Yesterday I wrote about tips for how to succeed in Project 3 of the Toastmasters Competent Communicator manual – Get to the Point. Below I’ve posted the speech I used for this project.
WHY YOU SHOULD THROW YOUR BLACKBERRY OUT THE WINDOW (OR AT LEAST TURN IT OFF FOR AN HOUR
How many of you guys have a blackberry, iphone, android, or some other type of mobile device? Then you may know what I’m talking about here. Have you ever had that experience, where you leave your cell phone at home, and you go through the entire day feeling like you’d left a body part at home? When I attended my first toastmasters meeting, the first speech I heard was entitled “Are we addicted to technology”, and I think the general consensus was “Yes, we are addicted to technology”. Today I want to discuss why we should start to wean ourselves out of this addiction, and how we can do so one device at a time, starting with the cell phone.
The first step to treating any addiction is recognizing that you have a problem, and while most of us may admit that, sure, we’re addicted to technology, many of us don’t see it as that big of a deal. In fact, often we wear our technology addictions as a badge of honor. Many times I’ve heard people proudly proclaim, “Oh, I’m so addicted to my phone. I can’t live without it. It’s like air.” Can you imagine someone proudly making the same statement about any other addiction?, for example, crack. “Oh, I’m so addicted to my crack. I can’t live without it. It’s like air.” We may not think technology addiction is a big deal, but I’m telling you that it is a big deal. We’ve all heard and seen the ads warning about the dangers of texting and driving, so I’m not going to bore you by rehashing those statistics. But I’m going to give you several good reasons why it might be worthwhile to lesson our technology addictions.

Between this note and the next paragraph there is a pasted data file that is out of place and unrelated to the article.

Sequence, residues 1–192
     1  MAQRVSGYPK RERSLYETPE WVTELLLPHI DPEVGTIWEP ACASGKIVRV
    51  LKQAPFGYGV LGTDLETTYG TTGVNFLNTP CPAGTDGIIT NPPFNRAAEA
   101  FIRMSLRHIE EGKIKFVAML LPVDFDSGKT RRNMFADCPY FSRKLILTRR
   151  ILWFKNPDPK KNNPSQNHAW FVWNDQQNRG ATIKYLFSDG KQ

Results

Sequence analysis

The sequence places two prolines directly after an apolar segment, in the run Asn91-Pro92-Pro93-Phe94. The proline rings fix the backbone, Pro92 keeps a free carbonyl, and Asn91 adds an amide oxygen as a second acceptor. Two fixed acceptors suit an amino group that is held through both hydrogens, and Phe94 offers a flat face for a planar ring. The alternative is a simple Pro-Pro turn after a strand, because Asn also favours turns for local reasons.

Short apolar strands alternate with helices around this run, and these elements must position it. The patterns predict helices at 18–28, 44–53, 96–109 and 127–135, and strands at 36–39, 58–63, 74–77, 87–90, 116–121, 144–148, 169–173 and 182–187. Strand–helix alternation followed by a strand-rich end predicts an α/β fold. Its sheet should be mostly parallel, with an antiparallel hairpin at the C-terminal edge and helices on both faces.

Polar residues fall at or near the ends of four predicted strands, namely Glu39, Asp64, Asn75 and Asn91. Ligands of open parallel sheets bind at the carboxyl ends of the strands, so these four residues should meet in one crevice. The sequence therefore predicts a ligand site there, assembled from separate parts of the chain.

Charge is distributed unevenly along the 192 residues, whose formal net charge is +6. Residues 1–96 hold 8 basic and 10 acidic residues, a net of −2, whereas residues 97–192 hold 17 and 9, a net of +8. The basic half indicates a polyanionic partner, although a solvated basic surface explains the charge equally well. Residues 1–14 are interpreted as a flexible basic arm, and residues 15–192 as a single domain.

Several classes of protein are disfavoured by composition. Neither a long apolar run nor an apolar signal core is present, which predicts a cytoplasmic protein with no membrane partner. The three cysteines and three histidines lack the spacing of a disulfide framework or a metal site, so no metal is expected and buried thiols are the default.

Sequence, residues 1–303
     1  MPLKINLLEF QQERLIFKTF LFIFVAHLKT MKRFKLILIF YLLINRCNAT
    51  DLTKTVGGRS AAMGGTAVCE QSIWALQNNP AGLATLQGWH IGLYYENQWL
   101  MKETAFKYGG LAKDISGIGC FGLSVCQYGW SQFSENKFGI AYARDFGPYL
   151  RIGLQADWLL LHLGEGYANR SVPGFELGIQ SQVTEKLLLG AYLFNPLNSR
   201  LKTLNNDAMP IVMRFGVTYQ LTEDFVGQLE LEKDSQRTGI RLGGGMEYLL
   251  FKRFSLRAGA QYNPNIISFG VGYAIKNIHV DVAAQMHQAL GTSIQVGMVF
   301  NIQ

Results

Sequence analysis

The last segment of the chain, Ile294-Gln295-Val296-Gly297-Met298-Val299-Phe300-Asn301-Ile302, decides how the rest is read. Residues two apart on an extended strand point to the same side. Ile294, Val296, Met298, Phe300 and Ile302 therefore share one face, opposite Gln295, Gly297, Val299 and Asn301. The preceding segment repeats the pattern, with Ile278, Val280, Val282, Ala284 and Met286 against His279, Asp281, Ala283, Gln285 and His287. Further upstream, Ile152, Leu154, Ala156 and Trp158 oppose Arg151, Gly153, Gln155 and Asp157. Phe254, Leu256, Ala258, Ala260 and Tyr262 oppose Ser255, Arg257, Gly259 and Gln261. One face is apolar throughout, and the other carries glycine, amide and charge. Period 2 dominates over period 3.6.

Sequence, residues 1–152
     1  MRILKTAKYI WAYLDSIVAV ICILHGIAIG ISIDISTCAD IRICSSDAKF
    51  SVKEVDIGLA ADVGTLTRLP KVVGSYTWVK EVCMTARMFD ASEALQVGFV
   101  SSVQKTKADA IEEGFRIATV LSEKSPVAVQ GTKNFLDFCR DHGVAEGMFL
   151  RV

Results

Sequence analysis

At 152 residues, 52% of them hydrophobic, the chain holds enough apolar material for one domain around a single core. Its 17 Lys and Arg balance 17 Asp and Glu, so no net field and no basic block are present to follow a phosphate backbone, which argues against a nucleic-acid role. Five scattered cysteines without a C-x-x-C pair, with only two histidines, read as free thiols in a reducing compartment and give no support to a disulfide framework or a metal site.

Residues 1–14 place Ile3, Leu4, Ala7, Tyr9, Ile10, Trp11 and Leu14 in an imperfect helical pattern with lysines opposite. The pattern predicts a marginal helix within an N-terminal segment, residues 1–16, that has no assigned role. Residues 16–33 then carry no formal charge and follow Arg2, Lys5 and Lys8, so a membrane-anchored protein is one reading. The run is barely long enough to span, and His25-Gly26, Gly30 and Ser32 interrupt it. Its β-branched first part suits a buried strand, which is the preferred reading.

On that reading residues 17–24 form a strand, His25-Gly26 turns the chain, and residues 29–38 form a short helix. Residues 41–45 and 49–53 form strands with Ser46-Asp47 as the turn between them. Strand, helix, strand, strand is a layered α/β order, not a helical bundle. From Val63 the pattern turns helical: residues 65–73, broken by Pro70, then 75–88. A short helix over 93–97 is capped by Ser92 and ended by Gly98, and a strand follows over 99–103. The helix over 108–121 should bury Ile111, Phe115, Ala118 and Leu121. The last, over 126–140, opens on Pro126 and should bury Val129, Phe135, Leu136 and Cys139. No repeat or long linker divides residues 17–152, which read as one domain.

Reason 1 – we should not be slaves to our devices. Have you heard the story of the 32-year old man from California who was following his GPS directions when he turned onto a train track, got stuck as a fast-moving train approached, and had to abandon his rental car. He made it out ok, but the car was destroyed. The response from a AAA representative was that the GPS had clearly not given the correct instructions, but, and I’m not quoting, “If your GPS told you to drive off a cliff, would you do it.” A lot of our devices exist to assist us with making decisions, not for us to abandon our own logic and blindly follow.
Reason 2 – we should observe the world around us. Have you ever seen anyone nearly walk into a pole because he was too busy texting, or have you yourself narrowly avoided bumping into someone or something because you were too busy texting (it’s ok, you can admit it!). A study was done at a college campus in which they had a guy dress up in a clown outfit and ride around on a unicycle for an hour around a prominent sculpture. Many of the students who were engaged in phone conservations (either talking or texting) completely missed the clown, even as they walked right past him.